15. Last Word: Deeper on Beale, End of Session and Johnny Mathis -

Beale Street keeps its cover charge on Saturday nights during its Memphis In May peak. But the district has some complex questions to resolve about its future and who controls that future. If that wasn’t evident before, it became apparent at City Hall Tuesday. It wasn’t the council action on the Beale Street Bucks program that was significant as much as it was the council’s discussion.

16. Events -

Mothers of the Nile will hold its ninth annual banquet Thursday, May 11, at 5:30 p.m. at First Baptist Church Broad, 2835 Broad Ave. Those sharing their perspectives include state Rep. Raumesh Akbari, Hope Academy principal Michael Smith and essay contest participants from Hope Academy, whose students are in detention at Juvenile Court. Visit mothersofthenileinc.org for details.

17. Last Word: Three Gs React, More CA Changes and the Forrest Controversy Defined -

The day after Germantown leaders offered his school system $25 million for Germantown Elementary, Middle and High Schools, SCS superintendent Dorsey Hopson was fielding calls from parents of students at the schools – the “three Gs” as they are known.

18. View From the Hill: Forrest Kerfuffle Might Be Sign of Bigger Problem -

Legislation that slipped through the House of Representatives honoring an unknown author who penned a Nathan Bedford Forrest apologist biography was enabled by the climate within the Republican-controlled body, a Memphis legislator says.

19. Resolution Targets California’s Proposed Travel Ban, Discourages Similar ‘Blackmail’ -

Despite a Memphis lawmaker's concerns about a “knee-jerk” reaction, the House passed legislation Monday, May 1, aimed at a California travel ban against states passing anti-gay laws.

Rep. Raumesh Akbari raised questions about the resolution brought by Rep. Tilman Goins, asking him if it would make Tennessee look as “petty” as California if California enacts a prohibition on state-funded travel to Tennessee and several other states that passed laws in 2016 considered unfair to the LGBT community.

20. Criminal Records Bill Passes In Legislature -

NASHVILLE, Tenn. (AP) – The Legislature has passed a bill that will make it easier for people convicted of lower-level offenses to get their criminal records wiped clean.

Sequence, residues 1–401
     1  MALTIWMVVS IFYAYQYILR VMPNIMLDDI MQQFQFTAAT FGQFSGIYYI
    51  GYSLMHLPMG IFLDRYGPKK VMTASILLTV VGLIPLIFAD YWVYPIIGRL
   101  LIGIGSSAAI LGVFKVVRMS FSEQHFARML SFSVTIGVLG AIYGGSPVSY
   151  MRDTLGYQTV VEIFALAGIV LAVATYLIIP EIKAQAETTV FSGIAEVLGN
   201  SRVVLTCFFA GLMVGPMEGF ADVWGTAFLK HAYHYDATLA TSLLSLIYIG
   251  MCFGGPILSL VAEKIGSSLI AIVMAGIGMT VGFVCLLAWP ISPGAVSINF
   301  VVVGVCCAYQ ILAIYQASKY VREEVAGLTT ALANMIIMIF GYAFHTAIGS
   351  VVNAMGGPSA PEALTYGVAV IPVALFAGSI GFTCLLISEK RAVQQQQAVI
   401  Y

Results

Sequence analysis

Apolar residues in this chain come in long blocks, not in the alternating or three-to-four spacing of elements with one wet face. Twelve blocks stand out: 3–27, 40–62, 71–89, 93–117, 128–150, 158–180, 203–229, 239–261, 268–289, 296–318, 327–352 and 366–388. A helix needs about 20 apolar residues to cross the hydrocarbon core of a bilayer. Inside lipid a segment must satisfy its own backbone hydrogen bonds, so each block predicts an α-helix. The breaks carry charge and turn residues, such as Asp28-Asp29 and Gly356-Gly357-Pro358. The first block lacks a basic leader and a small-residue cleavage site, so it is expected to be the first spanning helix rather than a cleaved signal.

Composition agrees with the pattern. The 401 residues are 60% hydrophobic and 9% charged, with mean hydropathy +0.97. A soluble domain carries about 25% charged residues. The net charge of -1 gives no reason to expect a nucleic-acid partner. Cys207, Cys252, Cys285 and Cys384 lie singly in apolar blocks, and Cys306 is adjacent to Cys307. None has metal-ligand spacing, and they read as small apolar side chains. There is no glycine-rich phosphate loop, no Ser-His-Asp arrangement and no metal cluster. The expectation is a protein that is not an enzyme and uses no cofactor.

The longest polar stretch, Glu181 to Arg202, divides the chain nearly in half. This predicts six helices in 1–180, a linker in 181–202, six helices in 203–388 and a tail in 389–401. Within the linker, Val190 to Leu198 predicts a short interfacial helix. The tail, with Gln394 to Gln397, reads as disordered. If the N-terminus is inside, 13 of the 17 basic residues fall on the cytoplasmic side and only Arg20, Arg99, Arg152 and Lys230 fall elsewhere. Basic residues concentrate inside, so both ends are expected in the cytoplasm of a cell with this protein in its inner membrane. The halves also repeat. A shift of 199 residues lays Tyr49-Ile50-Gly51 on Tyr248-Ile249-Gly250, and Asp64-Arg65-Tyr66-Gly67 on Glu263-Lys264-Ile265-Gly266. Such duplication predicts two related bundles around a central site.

The measure allows a person who has no more than two convictions to be able to request that the crimes get expunged from their record. The two convictions would be wiped clean at the same time and at the same cost as it would be to expunge one conviction.

21. Tenn. Lawmakers Look to Void Resolution Honoring Forrest Biographer -

NASHVILLE – Memphis lawmakers blasted a Smyrna legislator Thursday morning, accusing him of violating their honor system by sliding a resolution through the House honoring an author they perceive as a Nathan Bedford Forrest apologist.

22. Tennessee Lawmakers Condemn Resolution Lauding Forrest Biographer -

Memphis lawmakers blasted a Smyrna legislator Thursday morning, accusing him of violating their honor system by sliding a resolution through the House honoring an author they perceive as a Nathan Bedford Forrest apologist.

23. View From the Hill: Tearful End for Non-Citizen Tuition Relief Bill -

State Rep. Raumesh Akbari grew so emotional she couldn’t speak. On the verge of tears, the Memphis Democrat started to talk about a high school from her Shelby County district with a large number of undocumented immigrant students.

24. Memphis Gets Nod for New Hotel Tax, Nashville Having Pipeline Problems -

The state Senate approved legislation enabling the Memphis City Council to consider an ordinance to create a new hotel/motel tax of no more than an aggregate of 5 percent to go toward the city-owned Memphis Cook Convention Center.

25. Coalition Urges City Funding For Schools -

A coalition of 13 organizations and 17 citizens, including Shelby County Schools board chairman Chris Caldwell and state Reps. Raumesh Akbari and G.A. Hardaway, are calling on Memphis Mayor Jim Strickland to include at least $10 million in funding for schools in the budget he takes to the Memphis City Council next week.

26. Memphis Gets Nod for New Hotel Tax, Nashville Having Pipeline Problems -

The state Senate has approved legislation enabling the Memphis City Council to consider an ordinance to create a new hotel/motel tax of no more than an aggregate of 5 percent to go toward the city-owned Memphis Cook Convention Center.

27. Coalition Urges City Funding For Memphis Schools -

A group of 13 organization and 17 citizens including Shelby County Schools board chairman Chris Caldwell and state Representatives Raumesh Akbari and G.A. Hardaway are calling on Memphis Mayor Jim Strickland to include at least $10 million in funding for schools in the budget he takes to the Memphis City Council next week.

28. Immigrant Student Tuition Bill Fails In House Education Committee -

Karla Meza dreams of enrolling in the University of Tennessee Law School after growing up in Knoxville and watching college students walk along Cumberland Avenue.